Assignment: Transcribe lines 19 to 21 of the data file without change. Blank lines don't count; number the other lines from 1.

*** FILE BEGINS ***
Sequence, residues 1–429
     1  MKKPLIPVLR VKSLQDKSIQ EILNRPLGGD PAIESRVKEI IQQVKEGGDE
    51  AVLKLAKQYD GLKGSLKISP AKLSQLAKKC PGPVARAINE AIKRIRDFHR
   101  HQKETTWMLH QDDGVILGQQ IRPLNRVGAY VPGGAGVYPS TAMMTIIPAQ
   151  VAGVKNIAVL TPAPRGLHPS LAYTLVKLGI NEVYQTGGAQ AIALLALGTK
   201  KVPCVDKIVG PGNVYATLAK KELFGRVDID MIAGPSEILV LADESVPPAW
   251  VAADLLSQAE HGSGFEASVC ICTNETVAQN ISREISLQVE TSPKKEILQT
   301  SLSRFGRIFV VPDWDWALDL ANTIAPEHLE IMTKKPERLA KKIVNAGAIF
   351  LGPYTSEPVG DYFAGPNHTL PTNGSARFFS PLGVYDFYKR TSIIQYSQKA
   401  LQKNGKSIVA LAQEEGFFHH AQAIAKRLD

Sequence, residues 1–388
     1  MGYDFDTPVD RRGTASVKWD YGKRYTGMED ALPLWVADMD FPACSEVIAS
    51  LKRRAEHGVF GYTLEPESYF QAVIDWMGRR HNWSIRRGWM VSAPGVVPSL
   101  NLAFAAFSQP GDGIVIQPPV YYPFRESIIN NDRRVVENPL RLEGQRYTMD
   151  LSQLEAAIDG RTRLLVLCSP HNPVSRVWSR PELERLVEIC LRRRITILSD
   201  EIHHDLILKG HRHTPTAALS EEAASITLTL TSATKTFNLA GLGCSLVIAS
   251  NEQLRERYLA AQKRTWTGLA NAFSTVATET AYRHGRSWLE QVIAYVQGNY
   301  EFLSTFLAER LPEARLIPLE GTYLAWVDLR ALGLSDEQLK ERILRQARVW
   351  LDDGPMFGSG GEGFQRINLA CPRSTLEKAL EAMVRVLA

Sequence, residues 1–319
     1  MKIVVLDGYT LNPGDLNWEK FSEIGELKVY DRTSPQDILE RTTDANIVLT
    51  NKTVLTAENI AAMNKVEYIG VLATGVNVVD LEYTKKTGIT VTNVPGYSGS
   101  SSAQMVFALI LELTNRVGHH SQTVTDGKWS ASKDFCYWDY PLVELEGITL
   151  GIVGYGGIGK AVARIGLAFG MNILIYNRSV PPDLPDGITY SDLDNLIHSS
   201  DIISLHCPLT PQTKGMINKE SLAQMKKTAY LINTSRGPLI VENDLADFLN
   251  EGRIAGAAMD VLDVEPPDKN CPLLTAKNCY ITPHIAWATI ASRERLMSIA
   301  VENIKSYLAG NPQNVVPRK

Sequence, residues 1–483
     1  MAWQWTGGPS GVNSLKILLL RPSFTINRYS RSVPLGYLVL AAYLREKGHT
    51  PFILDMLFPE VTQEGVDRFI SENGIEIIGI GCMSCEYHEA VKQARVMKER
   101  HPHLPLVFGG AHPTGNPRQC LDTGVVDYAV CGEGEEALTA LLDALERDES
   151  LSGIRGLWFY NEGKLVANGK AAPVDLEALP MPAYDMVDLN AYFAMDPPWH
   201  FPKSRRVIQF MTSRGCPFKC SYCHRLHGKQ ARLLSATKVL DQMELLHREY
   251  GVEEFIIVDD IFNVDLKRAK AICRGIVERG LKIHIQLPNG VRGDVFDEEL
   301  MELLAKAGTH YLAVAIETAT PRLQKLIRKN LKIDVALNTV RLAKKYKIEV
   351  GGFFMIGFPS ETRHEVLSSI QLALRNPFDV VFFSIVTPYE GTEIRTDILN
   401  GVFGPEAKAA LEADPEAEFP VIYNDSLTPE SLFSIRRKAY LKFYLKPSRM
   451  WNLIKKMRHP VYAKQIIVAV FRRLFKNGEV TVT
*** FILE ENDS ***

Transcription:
   351  LDDGPMFGSG GEGFQRINLA CPRSTLEKAL EAMVRVLA

Sequence, residues 1–319
     1  MKIVVLDGYT LNPGDLNWEK FSEIGELKVY DRTSPQDILE RTTDANIVLT